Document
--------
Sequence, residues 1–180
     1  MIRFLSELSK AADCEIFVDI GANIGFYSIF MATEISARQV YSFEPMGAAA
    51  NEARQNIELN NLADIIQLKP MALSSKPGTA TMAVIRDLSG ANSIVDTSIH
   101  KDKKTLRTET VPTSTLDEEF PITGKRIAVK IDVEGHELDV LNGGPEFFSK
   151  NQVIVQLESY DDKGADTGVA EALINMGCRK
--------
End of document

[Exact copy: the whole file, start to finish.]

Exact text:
Sequence, residues 1–180
     1  MIRFLSELSK AADCEIFVDI GANIGFYSIF MATEISARQV YSFEPMGAAA
    51  NEARQNIELN NLADIIQLKP MALSSKPGTA TMAVIRDLSG ANSIVDTSIH
   101  KDKKTLRTET VPTSTLDEEF PITGKRIAVK IDVEGHELDV LNGGPEFFSK
   151  NQVIVQLESY DDKGADTGVA EALINMGCRK